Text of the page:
PLANS to convert disused stables at Oldtown House in Naas into five residential units were turned down this week after the planners decided the parking provisions were “insufficient”.
Springwood Builders from Straffan submitted plans in December to demolish a toolshed and convert the stables in the historic demesne into a small, two-bed house, as well as four one-, and two-bed apartments over two storeys.
However, despite O’Flynn Architects from Newbridge submitting amended plans last months as requested by the planners, they still only provided just two parking spaces for the four apartments.
“The insufficient and deficient parking arrangements for the proposed development therefore represents the hazard of unauthorized parking on the access roads and footpaths within the site due to its confined nature,” deemed the planner.
The proposed site is within the grounds of the protected structure known as Oldtown House, Oldtown Demesne, while also containing a second Protected Structure known as Earthwork Site, Oldtown Demesne, located on the Sallins Road, Naas.
The house was last in the news in March when Kildare County Council revealed it had erected a first public assess gate to the demesne lands off Mill Lane, near Tandy’s Bridge.
This was a first positive step achieved by the council in the last four years of negotiations over the lands.
On his death in 2010, Major John deBurgh bequeathed the 22 acres of the Oldtown House gardens to the town to be used as a public park, but only after the death of his wife Clare, who subsequently passed away in 2016.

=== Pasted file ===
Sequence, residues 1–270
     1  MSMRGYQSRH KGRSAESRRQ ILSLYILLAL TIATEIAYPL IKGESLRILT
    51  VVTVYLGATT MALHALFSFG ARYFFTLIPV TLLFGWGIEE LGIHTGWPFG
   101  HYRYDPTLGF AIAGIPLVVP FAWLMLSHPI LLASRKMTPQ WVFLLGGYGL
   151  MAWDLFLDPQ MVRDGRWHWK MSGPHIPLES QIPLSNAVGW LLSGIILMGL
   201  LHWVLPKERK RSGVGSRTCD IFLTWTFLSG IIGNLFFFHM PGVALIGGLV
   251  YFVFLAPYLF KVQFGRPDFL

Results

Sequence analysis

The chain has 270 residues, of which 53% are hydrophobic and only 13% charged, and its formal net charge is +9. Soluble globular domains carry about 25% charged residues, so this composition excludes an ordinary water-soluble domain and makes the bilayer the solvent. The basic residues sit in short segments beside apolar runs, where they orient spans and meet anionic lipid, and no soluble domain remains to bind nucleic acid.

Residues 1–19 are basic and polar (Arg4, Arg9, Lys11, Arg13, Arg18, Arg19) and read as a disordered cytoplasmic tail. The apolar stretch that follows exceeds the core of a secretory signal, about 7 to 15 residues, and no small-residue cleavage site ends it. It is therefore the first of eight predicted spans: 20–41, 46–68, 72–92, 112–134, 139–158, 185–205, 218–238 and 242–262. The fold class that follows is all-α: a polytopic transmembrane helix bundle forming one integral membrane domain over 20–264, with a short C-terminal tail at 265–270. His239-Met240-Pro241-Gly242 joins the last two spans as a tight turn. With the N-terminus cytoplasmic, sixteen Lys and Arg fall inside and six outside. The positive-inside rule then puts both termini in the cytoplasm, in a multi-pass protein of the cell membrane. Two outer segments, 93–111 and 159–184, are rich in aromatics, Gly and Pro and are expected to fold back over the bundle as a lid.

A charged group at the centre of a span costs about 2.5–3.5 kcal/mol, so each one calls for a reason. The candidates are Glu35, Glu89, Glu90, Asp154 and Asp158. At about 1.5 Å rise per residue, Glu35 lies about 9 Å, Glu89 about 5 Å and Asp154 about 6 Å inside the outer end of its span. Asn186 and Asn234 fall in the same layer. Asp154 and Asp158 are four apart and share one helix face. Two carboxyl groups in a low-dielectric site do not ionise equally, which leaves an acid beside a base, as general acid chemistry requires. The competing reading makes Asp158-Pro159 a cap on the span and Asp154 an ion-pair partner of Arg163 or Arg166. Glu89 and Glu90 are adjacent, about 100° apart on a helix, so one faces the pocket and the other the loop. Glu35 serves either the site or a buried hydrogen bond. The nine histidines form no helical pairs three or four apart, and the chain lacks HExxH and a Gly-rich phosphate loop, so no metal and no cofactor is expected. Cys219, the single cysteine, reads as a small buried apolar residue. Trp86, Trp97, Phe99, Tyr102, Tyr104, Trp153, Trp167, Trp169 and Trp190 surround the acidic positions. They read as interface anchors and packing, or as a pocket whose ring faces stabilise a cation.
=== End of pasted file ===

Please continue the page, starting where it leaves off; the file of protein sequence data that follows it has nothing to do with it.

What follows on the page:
However, by an unfortunate turn of events, the parcel of lands bequeathed happened to be surrounded by privately held lands, and so the stand-off became the default position for the local authority for the last four years until the literal breakthrough in March.
“These gardens are to the town what Russborough is to Blessington, or Palmerstown is to Celbridge,” said cllr Bill Clear at the time.
“The land was bequeathed to Naas Town Council by the Major, and it was his wish that it be used as a park,” explained the councillor.
“The county council has installed the gate for maintenance of the garden. I think it’s a great start, and I’d hope to have it accessible in the near future,” he said.
As it stands, it is believed that Kildare Co Council has full possession of 16 acres of the gardens, with the remaining six – including the famous Well of St Patrick – still in some degree of negotiation.
The Oldtown Gardens have been included in Naas Town Plans since 1998, when the Major indicated his intentions to the then County Manager, prior to his sale of Oldtown House in 1999.
The leafy estate has been in the family since Thomas Burgh, Surveyor General of Ireland in the early 18th century, and a forefather of singer Chris de Burgh.
In 1696 he acquired almost 3,000 acres outside Naas called Oldtown, near a holy well where St Patrick reputedly baptised Oillill and Illann, the sons of King Dunlang of Leinster.
In 1709, he designed and oversaw the construction of a new house here, one of Ireland’s first Palladian winged houses.
It was to remain the pride of his descendants until the centre block was destroyed by fire in the 1950s and the family moved to one of the wings until the sale 21 years ago.